stone fruit galettes

Peach Galette with Honey Vanilla Pistachio Brittle & Cardamom Rose Whipped Cream.

Last summer, when peaches were at their peak, I decided to dive headfirst into the sweetest flavors I knew: Peach with rose, cardamom, honey, vanilla, and pistachio. I played with texture and scent: The heady aphrodisiac of vanilla bean, spicy cardamom, tender rose, and mellow, grounded pistachio. This galette is my dream playground of flavor and edible perfume.

I couldn’t resist sharing it again this year—the perfect jumping off point for all your stone-fruit galettes, flavored whipped creams, and nutty brittles. Remember, too, that your farmers market is the perfect place to bond with your local fruit farmer. Not only will they help acquaint you with the stunning varietals of stone fruits now in season, they also often sell “pie bags” or fruit that’s slightly bruised and best for baking. To me this is basically mecca. I love loading up on pie bags—either for baking or jamming—throughout the season.

Get the recipe and awaken your inner summer fruit synesthete right here.

A couple of weeks ago I got together with two friends, and, as always, our topic of conversation turned to food. I’m not sure why pastries, fruit pies and galettes became the center of attention, but before I could even stop myself, I enthusiastically invited them over for a baking party at our house next week.

Danish pastry was the original idea, but I wasn’t keen on using premade puff pastry and if we took the steps to make homemade laminated dough, our fun little party would turn into an all-day affair. I decided fruit galettes to be a much more suitable endeavor, requiring the perfect amount of effort and time.

Yesterday I test-drove my plan. For the filling, I chose a few plums left from our plum trees and three sweet, juicy nectarines sitting on our counter. I also decided to add some frozen blueberries for color.

This humble, rustic pie was like biting into the last warm days of summer.

Stone fruit and blueberry galette. Pâte brisée (shortcrust pastry) recipe from Martha Stewart

Pâte brisée ingredients:

  • 2 ½ cups all-purpose flour
  • 1 teaspoon salt
  • 2 sticks (1 cup) cold, unsalted butter, cut into small pieces
  • ¼ to ½ cup ice water

Fruit filling ingredients:

  • 3 nectarines or peaches, cut into 3/8-inch (1cm) slices
  • 2 plums, cut into 3/8-inch (1cm) slices
  • Small handful of blueberries, fresh or frozen
  • 2 tablespoons flour
  • ¼ cup sugar
  • 1 tablespoon cold butter, cut into small cubes
  • 1 tablespoon (or less) milk
  • 1 tablespoon apricot preserves (optional)
  • Additional sugar for sprinkling on galette (I used organic sugar for this because I love its texture)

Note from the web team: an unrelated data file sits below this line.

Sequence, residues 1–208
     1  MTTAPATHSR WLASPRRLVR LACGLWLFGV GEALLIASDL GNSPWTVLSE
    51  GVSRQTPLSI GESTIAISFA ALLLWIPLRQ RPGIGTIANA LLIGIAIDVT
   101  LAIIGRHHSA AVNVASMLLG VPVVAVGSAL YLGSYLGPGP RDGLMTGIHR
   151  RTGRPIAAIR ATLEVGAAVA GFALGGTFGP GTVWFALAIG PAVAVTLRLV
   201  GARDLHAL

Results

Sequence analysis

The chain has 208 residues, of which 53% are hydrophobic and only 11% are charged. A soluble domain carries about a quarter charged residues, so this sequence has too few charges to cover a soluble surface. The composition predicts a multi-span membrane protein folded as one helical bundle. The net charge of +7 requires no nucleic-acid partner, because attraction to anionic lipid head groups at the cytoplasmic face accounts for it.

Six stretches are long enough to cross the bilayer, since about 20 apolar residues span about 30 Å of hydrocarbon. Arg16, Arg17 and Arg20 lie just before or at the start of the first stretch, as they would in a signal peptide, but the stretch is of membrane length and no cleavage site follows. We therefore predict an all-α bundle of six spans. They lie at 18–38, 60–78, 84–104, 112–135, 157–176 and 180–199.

In the bowl of a food processor, combine flour and salt; pulse to combine. Add the butter, and pulse until mixture resembles coarse crumbs with some larger pieces remaining, about 10 seconds. (To mix by hand, combine dry ingredients in a large mixing bowl, then cut in butter with a pastry blender.)

With the machine running, add the ice water through the feed tube in a slow, steady stream, just until the dough holds together without being wet or sticky. Do not process more than 30 seconds. Test by squeezing a small amount of the dough together; if it is still too crumbly, add a bit more water, 1 tablespoon at a time.

Turn out the dough onto a clean work surface. Divide in half, and place each half on a piece of plastic wrap. Shape into flattened disks. Wrap in plastic, and refrigerate at least 1 hour or overnight. The dough can be frozen for up to 1 month; thaw overnight in the refrigerator before using.

Preheat oven to 375 degrees F.

Remove one piece of dough from the refrigerator (save second piece for another project) and roll out on floured surface to 1/8-inch thickness. You should end up with a circle about 14-inches in diameter. If dough splits at the edges while rolling it out, pinch it together. Place prepared dough on parchment or silpat lined rimmed sheet pan. (Edges of dough will hang over slightly.)

Combine fruit with the sugar and flour in a large bowl. Arrange fruit on pastry dough, keeping a 2-inch border. Sprinkle butter cubes over fruit. Fold pastry up over the dough, pinching it together where it overlaps.

Using a pastry brush, lightly brush milk over pastry. Sprinkle with scant amount of sugar.

Bake galette for approximately 30 to 35 minutes, or until pastry is dark, golden brown and fruit is bubbly and cooked. Remove from oven and brush fruit only (not pastry) with melted preserves.